It was his successor, John I, who achieved ultimate victory over the West Frisians in 1297. West Friesland formed a united province with Holland in the Dutch Republic, though it was recognized an autonomous region, the parliament of said province known as Holland, was formally known as the States of Holland and West Friesland. During the time of the United Provinces, West Friesland had its own independent Admiralty of the Northern Quarter. Any admiral serving within this admiralty or the two other Hollandic admiralties had the title of Admiral of Holland and West Frisia; the West Frisian language has disappeared from the region and the West Frisian dialects are now disappearing. Although these dialects are subdialects of Hollandic Dutch, they were influenced in vocabulary and grammar by a West Frisian substratum; the first inhabitants of Alkmaar, St Pancras settled along the high beach ridges of the Vroonermeer in the 9th century AD. Better known as Vroonen, this settlement subsequently grew into a village.
In the late 13th century, when the Dutch conquered West Frisians, the victors crossed the village and set it on fire. The few surviving inhabitants fled the region. After a long time, people returned to Vroonen and a chapel was built; the village of St Pancras was founded around this church. Vroonermeer was drained in 1561; the reclamation of the North Holland lakes was a purely private business affair intended for the establishment of new tracts of fertile land. Investors leased their new land to farmers; the exact location of West Friesland is not defined, but it has been suggested that it comprised the area north of an imaginary line through Hoorn and Alkmaar. Within this historical region is the contemporary region of West Friesland, a smaller area based on a dyke system on the Westfriese Omringdijk that lay in West Friesian district of Westflinge; the area between the rivers Vlie and IJ consists of the present-day municipalities of Alkmaar, Beemster, Castricum, Den Helder, Edam-Volendam, Heerhugowaard, Hollands Kroon, Koggenland, Langedijk, Purmerend, Opmeer, Stede Broec, Uitgeest, Waterland, Wognum and Zaanstad.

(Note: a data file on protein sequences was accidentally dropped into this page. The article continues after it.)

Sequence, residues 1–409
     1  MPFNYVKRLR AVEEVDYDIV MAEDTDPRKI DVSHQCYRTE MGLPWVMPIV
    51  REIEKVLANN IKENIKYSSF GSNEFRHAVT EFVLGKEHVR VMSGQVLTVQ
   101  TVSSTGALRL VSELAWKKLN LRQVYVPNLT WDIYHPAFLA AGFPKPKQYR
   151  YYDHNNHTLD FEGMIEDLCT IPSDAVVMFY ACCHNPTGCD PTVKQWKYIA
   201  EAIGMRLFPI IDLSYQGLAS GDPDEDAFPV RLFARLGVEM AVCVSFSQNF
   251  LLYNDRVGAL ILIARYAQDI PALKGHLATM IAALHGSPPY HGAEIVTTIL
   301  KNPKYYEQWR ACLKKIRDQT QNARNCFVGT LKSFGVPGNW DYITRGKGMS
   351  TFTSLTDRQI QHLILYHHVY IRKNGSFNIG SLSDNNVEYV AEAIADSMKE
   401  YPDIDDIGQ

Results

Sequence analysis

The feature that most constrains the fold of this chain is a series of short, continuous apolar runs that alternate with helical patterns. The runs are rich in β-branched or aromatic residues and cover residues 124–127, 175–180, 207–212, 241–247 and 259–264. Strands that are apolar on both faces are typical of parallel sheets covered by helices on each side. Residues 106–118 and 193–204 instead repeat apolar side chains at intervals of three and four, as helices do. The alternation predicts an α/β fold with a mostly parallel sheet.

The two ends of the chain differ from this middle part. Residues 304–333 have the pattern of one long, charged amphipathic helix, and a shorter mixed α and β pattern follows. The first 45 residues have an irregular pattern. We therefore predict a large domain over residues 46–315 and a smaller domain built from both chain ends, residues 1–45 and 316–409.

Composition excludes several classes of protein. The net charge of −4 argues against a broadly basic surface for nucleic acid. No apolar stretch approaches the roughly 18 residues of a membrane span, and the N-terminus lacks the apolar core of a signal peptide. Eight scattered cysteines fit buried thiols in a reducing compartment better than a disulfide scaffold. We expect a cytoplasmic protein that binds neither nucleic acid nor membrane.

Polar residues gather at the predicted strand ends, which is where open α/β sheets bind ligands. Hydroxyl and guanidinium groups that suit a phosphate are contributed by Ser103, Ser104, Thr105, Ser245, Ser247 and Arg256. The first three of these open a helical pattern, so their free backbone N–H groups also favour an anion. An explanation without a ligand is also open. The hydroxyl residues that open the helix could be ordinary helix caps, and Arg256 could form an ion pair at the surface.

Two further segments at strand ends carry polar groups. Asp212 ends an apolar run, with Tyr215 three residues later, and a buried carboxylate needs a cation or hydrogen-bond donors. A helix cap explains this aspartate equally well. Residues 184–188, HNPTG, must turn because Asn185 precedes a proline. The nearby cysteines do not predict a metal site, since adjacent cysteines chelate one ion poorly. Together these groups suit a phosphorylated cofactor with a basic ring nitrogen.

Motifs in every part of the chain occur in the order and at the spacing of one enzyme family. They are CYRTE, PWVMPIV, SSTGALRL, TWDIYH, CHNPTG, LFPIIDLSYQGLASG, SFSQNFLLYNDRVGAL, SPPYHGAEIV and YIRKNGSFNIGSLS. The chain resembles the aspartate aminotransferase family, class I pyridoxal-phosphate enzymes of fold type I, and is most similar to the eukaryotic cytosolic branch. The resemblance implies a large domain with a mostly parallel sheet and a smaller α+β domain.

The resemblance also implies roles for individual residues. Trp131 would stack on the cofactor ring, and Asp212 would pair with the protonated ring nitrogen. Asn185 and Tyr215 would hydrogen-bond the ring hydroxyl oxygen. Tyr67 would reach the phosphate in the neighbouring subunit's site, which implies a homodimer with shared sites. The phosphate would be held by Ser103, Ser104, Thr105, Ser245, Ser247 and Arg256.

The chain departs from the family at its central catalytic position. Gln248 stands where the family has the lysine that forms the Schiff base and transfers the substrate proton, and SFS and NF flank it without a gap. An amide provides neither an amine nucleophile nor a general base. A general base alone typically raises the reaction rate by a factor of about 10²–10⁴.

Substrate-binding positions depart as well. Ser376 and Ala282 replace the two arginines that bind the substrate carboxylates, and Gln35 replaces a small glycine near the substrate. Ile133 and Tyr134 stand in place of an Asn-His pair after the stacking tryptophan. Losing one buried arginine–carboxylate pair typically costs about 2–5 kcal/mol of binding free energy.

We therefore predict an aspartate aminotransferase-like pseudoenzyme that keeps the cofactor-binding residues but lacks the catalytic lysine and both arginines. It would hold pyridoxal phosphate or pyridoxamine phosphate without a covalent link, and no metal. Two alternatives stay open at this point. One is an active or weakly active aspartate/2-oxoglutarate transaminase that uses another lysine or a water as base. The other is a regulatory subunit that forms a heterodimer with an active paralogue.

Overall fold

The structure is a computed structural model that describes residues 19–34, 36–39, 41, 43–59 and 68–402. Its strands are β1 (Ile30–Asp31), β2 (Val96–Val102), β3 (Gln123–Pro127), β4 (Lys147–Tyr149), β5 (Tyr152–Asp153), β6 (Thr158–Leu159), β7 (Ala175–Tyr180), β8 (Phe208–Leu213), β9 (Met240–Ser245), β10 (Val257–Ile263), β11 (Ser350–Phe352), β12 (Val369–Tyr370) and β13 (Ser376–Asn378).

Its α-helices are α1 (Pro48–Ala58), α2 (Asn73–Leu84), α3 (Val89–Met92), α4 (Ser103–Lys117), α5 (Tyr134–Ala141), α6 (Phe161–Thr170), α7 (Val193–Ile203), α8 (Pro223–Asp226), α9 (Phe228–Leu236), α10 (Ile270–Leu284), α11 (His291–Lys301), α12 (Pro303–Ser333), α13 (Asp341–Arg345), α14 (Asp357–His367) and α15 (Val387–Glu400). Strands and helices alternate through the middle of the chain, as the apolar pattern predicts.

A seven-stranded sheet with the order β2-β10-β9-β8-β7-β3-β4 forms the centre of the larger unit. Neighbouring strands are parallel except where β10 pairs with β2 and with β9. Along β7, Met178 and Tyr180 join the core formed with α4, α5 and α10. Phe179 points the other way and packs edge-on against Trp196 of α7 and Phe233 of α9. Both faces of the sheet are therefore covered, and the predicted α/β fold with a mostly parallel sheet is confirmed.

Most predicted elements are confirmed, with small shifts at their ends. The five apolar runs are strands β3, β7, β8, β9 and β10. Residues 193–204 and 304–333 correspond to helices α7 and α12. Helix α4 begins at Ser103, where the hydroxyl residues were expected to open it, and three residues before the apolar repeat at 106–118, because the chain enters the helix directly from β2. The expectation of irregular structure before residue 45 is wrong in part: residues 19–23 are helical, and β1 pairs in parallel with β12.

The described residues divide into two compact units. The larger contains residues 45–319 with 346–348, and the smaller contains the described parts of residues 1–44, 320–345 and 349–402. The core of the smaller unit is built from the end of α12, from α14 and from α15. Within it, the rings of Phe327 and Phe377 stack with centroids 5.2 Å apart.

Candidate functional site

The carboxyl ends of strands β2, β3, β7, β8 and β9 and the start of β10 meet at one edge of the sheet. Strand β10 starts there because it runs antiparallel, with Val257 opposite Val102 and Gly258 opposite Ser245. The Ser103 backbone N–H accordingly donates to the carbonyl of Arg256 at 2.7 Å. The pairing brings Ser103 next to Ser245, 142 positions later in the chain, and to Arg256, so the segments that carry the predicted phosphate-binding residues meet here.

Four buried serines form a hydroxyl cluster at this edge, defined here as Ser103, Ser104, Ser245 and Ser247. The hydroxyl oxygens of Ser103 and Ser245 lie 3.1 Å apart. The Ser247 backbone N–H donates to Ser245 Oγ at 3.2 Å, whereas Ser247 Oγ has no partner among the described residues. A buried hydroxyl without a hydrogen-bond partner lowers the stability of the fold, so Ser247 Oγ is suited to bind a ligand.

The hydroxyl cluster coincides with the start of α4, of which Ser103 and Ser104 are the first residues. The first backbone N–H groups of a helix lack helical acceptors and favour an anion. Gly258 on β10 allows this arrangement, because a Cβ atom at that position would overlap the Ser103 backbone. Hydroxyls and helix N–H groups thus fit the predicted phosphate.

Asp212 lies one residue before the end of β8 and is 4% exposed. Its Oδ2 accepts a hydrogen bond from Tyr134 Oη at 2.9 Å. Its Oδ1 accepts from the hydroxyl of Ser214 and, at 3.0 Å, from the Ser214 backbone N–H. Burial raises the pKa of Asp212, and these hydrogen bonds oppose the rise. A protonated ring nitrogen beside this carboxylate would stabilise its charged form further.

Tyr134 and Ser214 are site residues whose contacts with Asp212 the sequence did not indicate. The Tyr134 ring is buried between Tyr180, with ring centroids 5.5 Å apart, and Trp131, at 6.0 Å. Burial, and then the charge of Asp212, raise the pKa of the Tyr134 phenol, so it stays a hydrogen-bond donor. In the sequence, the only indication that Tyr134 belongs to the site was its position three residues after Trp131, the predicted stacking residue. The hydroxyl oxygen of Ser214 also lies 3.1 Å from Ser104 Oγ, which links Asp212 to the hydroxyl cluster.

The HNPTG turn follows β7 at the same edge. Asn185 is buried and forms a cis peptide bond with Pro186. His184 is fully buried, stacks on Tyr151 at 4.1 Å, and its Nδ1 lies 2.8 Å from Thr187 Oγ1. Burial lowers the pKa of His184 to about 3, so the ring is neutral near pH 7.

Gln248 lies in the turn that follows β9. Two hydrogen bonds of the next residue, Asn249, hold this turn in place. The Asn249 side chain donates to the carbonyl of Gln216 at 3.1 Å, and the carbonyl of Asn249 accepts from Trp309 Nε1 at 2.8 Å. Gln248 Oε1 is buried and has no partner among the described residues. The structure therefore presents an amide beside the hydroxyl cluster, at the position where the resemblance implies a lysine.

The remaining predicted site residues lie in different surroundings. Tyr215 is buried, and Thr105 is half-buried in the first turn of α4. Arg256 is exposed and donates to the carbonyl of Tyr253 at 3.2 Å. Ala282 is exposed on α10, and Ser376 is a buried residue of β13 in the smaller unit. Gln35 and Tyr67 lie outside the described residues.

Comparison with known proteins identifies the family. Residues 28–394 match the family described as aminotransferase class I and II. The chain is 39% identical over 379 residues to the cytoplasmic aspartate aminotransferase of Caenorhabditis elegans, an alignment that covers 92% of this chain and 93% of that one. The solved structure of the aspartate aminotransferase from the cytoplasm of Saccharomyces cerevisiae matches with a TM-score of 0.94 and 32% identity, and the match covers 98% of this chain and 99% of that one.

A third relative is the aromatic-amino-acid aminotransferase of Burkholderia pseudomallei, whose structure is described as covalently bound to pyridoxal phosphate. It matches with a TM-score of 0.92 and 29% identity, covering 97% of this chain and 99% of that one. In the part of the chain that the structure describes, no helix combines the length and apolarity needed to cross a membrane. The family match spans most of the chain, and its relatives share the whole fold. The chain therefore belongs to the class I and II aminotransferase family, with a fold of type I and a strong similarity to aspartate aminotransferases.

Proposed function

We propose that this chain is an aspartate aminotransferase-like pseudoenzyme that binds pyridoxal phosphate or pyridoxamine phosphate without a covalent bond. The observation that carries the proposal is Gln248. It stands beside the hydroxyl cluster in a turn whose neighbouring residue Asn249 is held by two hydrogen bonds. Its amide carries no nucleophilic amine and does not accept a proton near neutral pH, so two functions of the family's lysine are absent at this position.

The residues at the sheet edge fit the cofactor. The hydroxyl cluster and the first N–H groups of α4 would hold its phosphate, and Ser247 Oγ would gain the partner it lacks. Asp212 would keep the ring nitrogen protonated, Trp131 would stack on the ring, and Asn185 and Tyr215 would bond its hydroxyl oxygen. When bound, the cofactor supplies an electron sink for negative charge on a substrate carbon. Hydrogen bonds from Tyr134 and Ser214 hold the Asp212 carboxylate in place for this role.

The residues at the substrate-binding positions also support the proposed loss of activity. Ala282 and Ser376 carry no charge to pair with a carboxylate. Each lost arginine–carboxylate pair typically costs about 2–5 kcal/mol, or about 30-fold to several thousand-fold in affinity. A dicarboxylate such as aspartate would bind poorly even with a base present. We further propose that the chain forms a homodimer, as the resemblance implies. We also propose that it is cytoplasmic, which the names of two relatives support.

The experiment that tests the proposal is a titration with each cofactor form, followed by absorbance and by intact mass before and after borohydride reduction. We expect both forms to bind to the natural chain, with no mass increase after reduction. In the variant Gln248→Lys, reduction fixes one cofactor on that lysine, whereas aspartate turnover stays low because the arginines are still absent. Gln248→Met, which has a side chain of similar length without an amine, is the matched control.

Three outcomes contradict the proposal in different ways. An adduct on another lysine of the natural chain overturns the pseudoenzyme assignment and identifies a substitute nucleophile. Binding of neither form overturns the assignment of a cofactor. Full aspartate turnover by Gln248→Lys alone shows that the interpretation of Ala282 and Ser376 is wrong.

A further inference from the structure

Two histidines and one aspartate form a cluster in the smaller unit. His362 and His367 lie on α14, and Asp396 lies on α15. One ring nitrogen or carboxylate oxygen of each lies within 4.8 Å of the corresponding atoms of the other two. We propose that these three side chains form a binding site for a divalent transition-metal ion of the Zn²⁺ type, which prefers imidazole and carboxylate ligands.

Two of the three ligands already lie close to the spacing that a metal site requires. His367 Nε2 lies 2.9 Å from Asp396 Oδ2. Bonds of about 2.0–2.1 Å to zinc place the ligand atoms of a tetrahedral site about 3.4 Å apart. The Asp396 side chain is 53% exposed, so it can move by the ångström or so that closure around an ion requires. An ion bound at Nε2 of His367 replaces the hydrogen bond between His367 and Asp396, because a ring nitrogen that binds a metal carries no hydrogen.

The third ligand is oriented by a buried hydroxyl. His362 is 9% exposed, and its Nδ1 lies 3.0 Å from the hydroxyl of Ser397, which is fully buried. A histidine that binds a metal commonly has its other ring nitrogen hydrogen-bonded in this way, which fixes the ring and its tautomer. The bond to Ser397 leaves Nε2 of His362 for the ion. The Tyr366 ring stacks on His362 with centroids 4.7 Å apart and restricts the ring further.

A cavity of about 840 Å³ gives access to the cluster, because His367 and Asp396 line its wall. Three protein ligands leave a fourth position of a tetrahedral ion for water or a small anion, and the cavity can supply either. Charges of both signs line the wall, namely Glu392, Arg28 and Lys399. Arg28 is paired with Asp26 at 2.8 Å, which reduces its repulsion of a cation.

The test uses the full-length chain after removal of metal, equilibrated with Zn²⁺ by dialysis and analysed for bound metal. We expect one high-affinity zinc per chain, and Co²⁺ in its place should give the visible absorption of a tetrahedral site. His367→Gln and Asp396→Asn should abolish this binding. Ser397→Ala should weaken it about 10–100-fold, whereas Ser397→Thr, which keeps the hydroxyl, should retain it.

The region covers an area of about 800 km2, delineated by the Westfriese Omringdijk. It consists of the following municipalities: Major cities include Hoorn and Alkmaar; the traditional dialect of the region is the West Frisian dialect of Hollandic Dutch. The contemporary region is similar in size and location to the historical district of Westflinge which itself was a part of a much larger historical region of West Friesland. Frisia Frisian Islands The region website